Over ten years later, in 2014, Carmen suggested I arrange Anthea's Garden for two players instead of one, to reduce its level of difficulty and to make it more accessible to performers. As I'd been dealing with having a baby, serious family illness, and moving to and living in Hong Kong, I had not written anything substantial for around two years. I had, to a large degree, replaced my composition work with teaching as a means of securing an income. Teaching music was something I loved immensely and I wasn't sure whether writing music was something I still wanted to do, but Carmen's idea intrigued me, and I was curious to find out what would happen.
I took Anthea's Garden back off the shelf and began to arrange the music for percussion duo. The inclusion of another performer opened up a whole new range of compositional possibilities that had previously been impractical, and I couldn't resist the temptation of significantly rewriting the music. But it didn't end there. This small suggestion to arrange Anthea's Garden marked the beginning of what evolved into a major two-year project to transform this new edition of music into a children's book, with words and illustrations to accompany the music, and if all went well, an iBook.
With this idea in mind, I needed to find an author, illustrator, performers, sound engineer, graphic designer and some kind of funding for the project. As I was living in Hong Kong, much of this needed to be done by email, and finding the right people for the project was a slow and sometimes difficult process. I've found that being successful as an artist often necessitates being multi-talented and versatile, and this is certainly true of the artists I ended up working with on the Anthea's Garden book project.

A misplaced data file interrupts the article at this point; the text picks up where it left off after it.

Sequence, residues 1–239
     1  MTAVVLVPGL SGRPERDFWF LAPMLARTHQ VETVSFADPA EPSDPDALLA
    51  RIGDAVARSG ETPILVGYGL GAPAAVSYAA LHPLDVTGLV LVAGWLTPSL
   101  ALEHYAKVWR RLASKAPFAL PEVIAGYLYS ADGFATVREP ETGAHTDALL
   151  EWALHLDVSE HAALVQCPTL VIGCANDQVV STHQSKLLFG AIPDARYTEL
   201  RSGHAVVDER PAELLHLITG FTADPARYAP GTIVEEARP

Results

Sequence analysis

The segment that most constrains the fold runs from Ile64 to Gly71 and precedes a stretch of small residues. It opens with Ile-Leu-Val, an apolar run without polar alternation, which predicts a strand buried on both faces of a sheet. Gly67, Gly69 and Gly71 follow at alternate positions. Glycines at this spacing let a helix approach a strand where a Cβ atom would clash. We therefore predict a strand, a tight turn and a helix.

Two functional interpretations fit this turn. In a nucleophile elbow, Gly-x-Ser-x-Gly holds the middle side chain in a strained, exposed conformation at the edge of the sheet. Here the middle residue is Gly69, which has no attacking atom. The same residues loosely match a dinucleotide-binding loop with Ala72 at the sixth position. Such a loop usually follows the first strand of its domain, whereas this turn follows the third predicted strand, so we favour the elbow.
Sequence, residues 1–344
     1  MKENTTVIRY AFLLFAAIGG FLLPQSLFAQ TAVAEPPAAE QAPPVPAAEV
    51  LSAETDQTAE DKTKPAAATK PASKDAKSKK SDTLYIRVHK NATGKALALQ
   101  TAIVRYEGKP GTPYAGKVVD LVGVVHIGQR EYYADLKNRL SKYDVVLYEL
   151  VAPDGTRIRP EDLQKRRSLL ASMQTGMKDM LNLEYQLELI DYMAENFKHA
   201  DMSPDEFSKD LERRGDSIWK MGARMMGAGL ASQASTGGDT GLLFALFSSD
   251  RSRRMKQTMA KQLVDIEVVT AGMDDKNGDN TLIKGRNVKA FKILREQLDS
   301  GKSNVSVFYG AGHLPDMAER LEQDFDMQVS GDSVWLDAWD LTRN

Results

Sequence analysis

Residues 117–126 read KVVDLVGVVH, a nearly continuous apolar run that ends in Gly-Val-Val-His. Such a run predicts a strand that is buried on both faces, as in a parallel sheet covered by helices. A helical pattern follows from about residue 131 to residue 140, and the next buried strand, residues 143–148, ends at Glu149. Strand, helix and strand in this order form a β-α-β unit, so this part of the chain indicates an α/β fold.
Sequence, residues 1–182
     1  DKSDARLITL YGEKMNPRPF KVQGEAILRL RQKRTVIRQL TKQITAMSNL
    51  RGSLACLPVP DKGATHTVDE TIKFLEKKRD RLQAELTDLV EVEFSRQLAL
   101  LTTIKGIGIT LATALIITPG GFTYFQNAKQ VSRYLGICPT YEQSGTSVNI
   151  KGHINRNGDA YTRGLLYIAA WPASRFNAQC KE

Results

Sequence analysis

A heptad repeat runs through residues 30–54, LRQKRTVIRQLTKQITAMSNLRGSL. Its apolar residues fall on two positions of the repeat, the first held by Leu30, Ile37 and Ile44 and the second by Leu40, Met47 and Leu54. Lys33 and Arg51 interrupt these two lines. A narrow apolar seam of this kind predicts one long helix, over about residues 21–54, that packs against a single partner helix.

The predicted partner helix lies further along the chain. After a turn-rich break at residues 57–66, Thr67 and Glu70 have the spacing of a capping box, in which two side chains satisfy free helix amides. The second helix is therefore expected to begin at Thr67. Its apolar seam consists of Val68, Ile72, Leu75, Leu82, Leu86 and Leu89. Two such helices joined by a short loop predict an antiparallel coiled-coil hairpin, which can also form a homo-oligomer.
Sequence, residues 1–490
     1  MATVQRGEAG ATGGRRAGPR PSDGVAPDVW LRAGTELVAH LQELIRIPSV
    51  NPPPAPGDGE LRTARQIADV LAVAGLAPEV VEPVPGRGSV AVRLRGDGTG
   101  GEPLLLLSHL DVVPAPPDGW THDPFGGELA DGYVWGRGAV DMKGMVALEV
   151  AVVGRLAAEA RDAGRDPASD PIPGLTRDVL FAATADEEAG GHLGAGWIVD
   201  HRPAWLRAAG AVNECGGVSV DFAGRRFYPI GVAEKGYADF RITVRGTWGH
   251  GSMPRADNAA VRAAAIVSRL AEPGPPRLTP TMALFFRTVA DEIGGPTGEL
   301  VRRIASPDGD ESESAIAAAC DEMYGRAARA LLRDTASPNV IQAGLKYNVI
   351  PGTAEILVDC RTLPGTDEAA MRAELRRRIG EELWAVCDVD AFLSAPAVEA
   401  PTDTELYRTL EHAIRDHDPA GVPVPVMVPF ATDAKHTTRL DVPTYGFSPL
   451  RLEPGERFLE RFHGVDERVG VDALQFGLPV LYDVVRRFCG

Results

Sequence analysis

I had worked with Ailsa Wild back in 2006 when she performed as a circus acrobat for my Sydney-Melbourne concert tour Lucid Dreaming. Apparently circus performing was only one of many of Ailsa's artistic endeavours. Ailsa had since then authored a number of successful children's books - she was perfect for the project. Equally versatile, Simon Howe was not only able to fill the role of illustrator and graphic designer, but also film editor for our crowd funding video. I had seen Collision Theory perform a number of times before and was so excited that they were available to perform for the book's recording and the live performance of the work, but I still wasn't prepared for being completely blown away by how awesome the music sounded on the large and resonant vibraphone, marimba and glockenspiel.
I have collaborated a number of times before on other people's projects and some were definitely more successful collaborations than others. For this book project I felt that the best artistic result would be achieved by relinquishing ownership of the work and sharing it equally with my collaborators, and so I gave Ailsa and Simon my music and story outline and encouraged them to contribute their own ideas, inspiration and artistic style. I wanted to see what could be achieved by putting complete trust in their artistic ability and expertise. This freedom to make the work their own was incredibly exciting as I was always being surprised by their unique creative interpretation and the end product was far more beautiful than I ever imagined it could be.